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Sitecore 5.3 to 6.0 problems

Modified: 2010/06/02 11:27 by k.schepens - Categorized as: Sitecore
Recently we have migrated a website from Sitecore 5.3 to 6.0. Although the migration went rather smoothly, we did run into a number of (partly unexpected) problems. In this article we will describe the problems we have encountered and how they have been solved.

In this article we will only focus on problems in migrating the code (both code-behind and XSLT). Migrating the content is not discussed.

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Code-behind

The advantage of code-behind problems is that they are easy to detect because they produce compile warnings or errors. First we will discuss the compile warnings and then the compile errors.

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Warnings

The following code snippet produced a compile warning:

Item itemSearchSite = this.GetSitecoreItemByGuid(Settings.Default.Guid_SearchSite);
url = Util.ProcessLink(itemSearchSite.Paths.GetFriendlyUrl());

The problem is the method GetFriendlyUrl which is deprecated in Sitecore 6.0. This code snippet has been replaced by the following:

Item itemSearchSite = this.GetSitecoreItemByGuid(Settings.Default.Guid_SearchSite);
url = Util.ProcessLink(Sitecore.Links.LinkManager.GetItemUrl(itemSearchSite));

The following code snippet also produced a compile warning:

Sitecore.Data.Items.Item item = Sitecore.Context.Database.GetItem(
    new Sitecore.Data.ID(itemId), 
    Sitecore.Globalization.Language.Current
  );
if (item.Master != null && item.Master.Name == "HU-RES-Section")

The problem here is the property Master which is deprecated and has been replaced by the property Branch. This code snippet has therefore been replaced by the following:

Sitecore.Data.Items.Item item = Sitecore.Context.Database.GetItem(
    new Sitecore.Data.ID(itemId), 
    Sitecore.Globalization.Language.Current
  );
if (item.Branch != null && item.Branch.Name == "HU-RES-Section")

And the last compile warning was caused by the following code snippet:

html = Sitecore.Data.Fields.HtmlField.ConvertToXHtml(html);

The method ConvertToXHtml has also been deprecated. Here is the Sitecore 6 version of this code snippet:

html = Sitecore.Layouts.XHtml.Convert(html);

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Errors

In a web service the following code snippet was used to login into Sitecore:

DomainAccessResult result = Sitecore.Context.Domain.Login(username, password);
LoginResult loginResult = new LoginResult { Message = result.Message, Success = result.Success };
return loginResult;

This produces a compile error because in Sitecore 6 the method Sitecore.Context.Domain.Login doesn’t exist anymore. This code snippet has been rewritten using Sitecore.Security.Authentication.AuthenticationManager.Login:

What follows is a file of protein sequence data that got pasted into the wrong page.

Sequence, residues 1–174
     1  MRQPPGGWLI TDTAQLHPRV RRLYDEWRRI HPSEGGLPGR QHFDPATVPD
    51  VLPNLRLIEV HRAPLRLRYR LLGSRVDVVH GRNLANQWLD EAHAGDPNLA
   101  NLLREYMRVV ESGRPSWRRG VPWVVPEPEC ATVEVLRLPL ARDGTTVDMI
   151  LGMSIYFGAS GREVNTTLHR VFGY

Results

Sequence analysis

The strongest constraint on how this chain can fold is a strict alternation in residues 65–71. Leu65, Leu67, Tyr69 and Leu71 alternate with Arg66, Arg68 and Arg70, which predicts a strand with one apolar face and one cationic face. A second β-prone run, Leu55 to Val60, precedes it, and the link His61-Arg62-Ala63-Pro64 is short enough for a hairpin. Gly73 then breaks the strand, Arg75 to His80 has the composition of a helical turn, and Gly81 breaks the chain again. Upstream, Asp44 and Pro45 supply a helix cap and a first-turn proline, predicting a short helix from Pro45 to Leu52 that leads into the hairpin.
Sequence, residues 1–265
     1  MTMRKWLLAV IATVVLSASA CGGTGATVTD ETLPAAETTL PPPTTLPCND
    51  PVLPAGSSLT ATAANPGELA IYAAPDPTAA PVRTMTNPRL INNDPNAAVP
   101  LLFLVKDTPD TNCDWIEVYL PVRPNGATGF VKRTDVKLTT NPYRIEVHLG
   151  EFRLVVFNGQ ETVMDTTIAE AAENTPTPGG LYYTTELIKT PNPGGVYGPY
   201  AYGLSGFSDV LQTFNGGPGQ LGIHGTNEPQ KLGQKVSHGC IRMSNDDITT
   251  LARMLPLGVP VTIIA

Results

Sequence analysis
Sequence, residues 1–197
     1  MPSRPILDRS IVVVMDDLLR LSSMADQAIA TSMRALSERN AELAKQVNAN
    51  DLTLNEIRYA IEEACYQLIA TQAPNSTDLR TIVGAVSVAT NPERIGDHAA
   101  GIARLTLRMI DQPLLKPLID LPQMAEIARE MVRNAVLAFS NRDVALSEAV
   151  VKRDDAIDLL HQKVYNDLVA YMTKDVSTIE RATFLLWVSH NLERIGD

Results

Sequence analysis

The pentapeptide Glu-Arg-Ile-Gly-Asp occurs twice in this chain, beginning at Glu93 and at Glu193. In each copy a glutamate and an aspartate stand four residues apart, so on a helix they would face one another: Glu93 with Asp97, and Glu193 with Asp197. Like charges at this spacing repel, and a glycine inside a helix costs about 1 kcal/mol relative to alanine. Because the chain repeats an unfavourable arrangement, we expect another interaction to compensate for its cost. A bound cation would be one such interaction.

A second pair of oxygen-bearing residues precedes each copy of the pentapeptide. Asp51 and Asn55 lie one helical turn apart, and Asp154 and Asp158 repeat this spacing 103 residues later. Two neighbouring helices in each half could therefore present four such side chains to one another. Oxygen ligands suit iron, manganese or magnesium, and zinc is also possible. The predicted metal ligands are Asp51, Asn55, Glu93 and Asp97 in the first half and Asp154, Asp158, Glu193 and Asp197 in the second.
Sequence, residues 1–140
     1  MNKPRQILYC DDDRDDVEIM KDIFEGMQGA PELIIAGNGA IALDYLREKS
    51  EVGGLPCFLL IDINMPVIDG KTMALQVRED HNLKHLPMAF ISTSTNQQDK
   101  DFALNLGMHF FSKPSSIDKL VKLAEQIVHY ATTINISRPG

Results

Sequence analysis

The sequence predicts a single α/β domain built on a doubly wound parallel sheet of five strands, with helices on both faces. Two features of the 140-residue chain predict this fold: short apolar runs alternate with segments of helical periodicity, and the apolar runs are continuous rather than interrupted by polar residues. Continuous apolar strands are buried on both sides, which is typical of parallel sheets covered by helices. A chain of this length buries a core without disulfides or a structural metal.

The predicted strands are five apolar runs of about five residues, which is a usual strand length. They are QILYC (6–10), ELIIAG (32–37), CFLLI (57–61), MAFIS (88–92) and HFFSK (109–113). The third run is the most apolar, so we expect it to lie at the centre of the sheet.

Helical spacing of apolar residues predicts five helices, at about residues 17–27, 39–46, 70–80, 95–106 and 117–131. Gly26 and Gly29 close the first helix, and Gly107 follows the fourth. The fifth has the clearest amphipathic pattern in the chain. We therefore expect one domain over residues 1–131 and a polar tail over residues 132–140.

bool loginSucceededYN = Sitecore.Security.Authentication.AuthenticationManager.Login(username, password);
string loginMessage = (loginSucceededYN ? "Login succeeded." : "Login failed. Check your username and password.");
DomainAccessResult result = new DomainAccessResult(loginSucceededYN, loginMessage);
LoginResult loginResult = new LoginResult { Message = result.Message, Success = result.Success };
return loginResult;

PublishOptions

PublishOptions' source database and target database are now set on construction time.

Old code:
PublishOptions myOptions = new PublishOptions(PublishMode.SingleItem, Sitecore.Data.Managers.LanguageManager.DefaultLanguage, DateTime.Now);

...

// Set the databases
myOptions.SourceDatabase = sourceDatabase;
myOptions.TargetDatabase = targetDatabase;

Replaced by:

PublishOptions myOptions = new PublishOptions(sourceDatabase, targetDatabase, PublishMode.SingleItem, Sitecore.Data.Managers.LanguageManager.DefaultLanguage, DateTime.Now);
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XSLT

The awkward thing about migration problems in the XSLT’s is that they do not produce warnings or errors. Instead they usually just return nothing, which make them difficult to detect. You really have to look carefully at the output of a XSLT to find these problems.

In the Sitecore 5.3 version of an XSLT the following code snippet was used to display a list of links to downloadables:

<xsl:for-each select="$downloads/item">
  <a target="_New">
    <xsl:attribute name="href">
      <xsl:value-of select="sc:fld('File',.,'src')"/>
    </xsl:attribute>
    <sc:text field="@name" />
  </a>
</xsl:for-each>

In Sitecore 6 this didn’t seem to produce any output. Looking at the HTML we noticed that the list of links was actually there, but the hyperlinks had no text. Apparently deriving the name of an content item by using @name does not work in Sitecore 6 and always produces an empty string. This problem could be fixed by replacing @name by sc:fld('@name', .):

<xsl:for-each select="$downloads/item">
  <a target="_New">
    <xsl:attribute name="href">
      <xsl:value-of select="sc:fld('File',.,'src')"/>
    </xsl:attribute>
    <xsl:value-of select="sc:fld('@name', .)"/>
  </a>
</xsl:for-each>

And finally the following code snippet was used in Sitecore 5.3 for deriving the url to an item from the media library:

<xsl:variable name="guid" select="sc:fld('FlashContent', $sc_currentitem)" />
<xsl:variable name="logo" select="sc:item( $guid, . )" />
<xsl:variable name="flashitem" select="sc:fld('Path', $logo)" />

In Sitecore 6 this always returned an empty string as well, i.e. the variable flashitem was always empty. Apparently in Sitecore 6 an item from the media library does not contain a field called path anymore. To solve this the method GetMediaUrl has been used:

<xsl:variable name="guid" select="sc:fld('FlashContent', $sc_currentitem)" />
<xsl:variable name="logo" select="sc:item( $guid, . )" />
<xsl:variable name="flashitem" select="sc:GetMediaUrl($logo)" />

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